"The only way to solve the problem is to give consumers what they know they want, and make it our job to find a better way to produce it and find a better technology than cows and other animals," said Brown.
A few years later, the Impossible team believed they'd discovered the solution in a molecule called heme. Found in abundance in both animals and plants, the molecule is responsible for carrying oxygen in living organisms and giving blood its red color. By augmenting the molecule in plants, researchers found they could create a product that looks and tastes like meat.
And so, in 2016, the Impossible Burger was born.
By using plants rather than traditional meat, Impossible Food's website claims production of one of its burgers saves the equivalent of 75 square feet of land, one half tub of bathwater and 18 miles of emissions in a car compared to a regular beef patty.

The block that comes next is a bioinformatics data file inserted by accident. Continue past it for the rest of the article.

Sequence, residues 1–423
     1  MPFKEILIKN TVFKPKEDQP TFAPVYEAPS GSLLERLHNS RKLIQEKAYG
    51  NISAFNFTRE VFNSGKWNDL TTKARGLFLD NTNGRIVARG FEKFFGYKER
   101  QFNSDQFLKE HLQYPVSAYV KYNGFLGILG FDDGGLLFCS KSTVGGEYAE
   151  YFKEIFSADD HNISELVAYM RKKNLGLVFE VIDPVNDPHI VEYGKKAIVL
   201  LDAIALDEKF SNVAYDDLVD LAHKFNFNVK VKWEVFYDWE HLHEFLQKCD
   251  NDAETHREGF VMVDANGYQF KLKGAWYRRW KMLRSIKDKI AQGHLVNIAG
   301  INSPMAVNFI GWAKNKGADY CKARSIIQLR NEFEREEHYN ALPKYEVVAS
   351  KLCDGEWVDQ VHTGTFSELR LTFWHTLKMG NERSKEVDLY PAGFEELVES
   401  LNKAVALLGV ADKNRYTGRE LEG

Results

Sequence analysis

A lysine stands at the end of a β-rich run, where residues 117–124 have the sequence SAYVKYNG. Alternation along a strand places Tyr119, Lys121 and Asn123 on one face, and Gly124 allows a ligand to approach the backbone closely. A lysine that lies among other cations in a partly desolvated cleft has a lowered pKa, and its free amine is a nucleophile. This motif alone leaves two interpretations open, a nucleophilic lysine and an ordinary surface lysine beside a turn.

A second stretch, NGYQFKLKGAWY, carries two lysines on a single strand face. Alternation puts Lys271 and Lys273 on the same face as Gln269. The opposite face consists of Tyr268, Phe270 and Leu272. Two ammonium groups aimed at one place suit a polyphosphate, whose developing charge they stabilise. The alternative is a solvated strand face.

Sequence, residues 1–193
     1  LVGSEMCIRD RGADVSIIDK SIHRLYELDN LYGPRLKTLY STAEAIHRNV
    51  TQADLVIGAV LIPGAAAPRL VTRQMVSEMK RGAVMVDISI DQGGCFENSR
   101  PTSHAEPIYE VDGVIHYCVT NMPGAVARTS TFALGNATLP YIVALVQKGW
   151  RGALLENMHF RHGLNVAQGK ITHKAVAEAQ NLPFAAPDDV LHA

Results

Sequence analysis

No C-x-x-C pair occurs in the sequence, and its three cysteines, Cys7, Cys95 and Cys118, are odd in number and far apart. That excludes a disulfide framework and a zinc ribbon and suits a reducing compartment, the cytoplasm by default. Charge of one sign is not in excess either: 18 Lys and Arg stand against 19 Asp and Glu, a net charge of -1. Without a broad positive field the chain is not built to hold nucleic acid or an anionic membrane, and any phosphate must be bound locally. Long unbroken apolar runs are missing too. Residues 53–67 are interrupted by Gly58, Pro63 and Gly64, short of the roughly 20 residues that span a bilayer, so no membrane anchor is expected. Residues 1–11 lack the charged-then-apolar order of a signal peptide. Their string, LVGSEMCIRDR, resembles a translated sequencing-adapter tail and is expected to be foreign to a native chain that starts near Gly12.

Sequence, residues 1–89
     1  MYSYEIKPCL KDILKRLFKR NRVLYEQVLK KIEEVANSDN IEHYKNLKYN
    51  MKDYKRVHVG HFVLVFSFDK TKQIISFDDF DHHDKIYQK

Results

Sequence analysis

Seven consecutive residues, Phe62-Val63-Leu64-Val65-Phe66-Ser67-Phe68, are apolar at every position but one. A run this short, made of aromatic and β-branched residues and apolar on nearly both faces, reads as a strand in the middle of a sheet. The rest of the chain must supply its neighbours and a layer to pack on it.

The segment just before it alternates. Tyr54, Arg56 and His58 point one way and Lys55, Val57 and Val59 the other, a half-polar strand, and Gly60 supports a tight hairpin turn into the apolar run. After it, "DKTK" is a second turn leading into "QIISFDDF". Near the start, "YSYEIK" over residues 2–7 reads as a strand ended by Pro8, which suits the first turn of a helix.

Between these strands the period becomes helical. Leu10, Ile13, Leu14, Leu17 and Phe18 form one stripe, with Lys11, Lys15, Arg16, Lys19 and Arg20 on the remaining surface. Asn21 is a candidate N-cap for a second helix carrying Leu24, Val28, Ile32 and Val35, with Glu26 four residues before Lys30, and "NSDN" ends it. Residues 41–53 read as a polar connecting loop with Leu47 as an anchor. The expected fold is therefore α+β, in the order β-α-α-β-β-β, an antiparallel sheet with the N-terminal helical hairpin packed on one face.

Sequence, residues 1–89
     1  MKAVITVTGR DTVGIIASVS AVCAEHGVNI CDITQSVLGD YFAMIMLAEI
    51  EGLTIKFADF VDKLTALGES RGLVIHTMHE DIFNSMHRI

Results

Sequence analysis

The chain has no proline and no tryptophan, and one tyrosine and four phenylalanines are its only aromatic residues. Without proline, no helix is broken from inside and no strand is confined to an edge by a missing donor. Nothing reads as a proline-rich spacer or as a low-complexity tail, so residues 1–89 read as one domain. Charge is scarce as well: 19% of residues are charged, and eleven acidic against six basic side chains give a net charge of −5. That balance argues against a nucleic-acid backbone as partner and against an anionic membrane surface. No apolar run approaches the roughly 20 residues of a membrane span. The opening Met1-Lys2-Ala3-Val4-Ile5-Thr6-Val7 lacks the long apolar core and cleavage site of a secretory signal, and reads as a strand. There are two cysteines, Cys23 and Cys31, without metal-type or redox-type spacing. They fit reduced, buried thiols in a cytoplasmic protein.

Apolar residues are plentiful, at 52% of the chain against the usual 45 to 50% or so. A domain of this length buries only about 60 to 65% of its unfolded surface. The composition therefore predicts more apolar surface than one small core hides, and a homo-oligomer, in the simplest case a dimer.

Having developed that technology, Brown said his company had to be the one to get it out to burger lovers — in spite of his own lack of business experience.
"I didn't want to trust that just some regular business would do it right," said Brown.
Fortunately for Brown, however, investors saw something in his proposition. Over the years, the business has racked up $396 million from backers including Bill Gates, Google Ventures and Hong Kong billionaire Li Ka-shing's Horizons Ventures.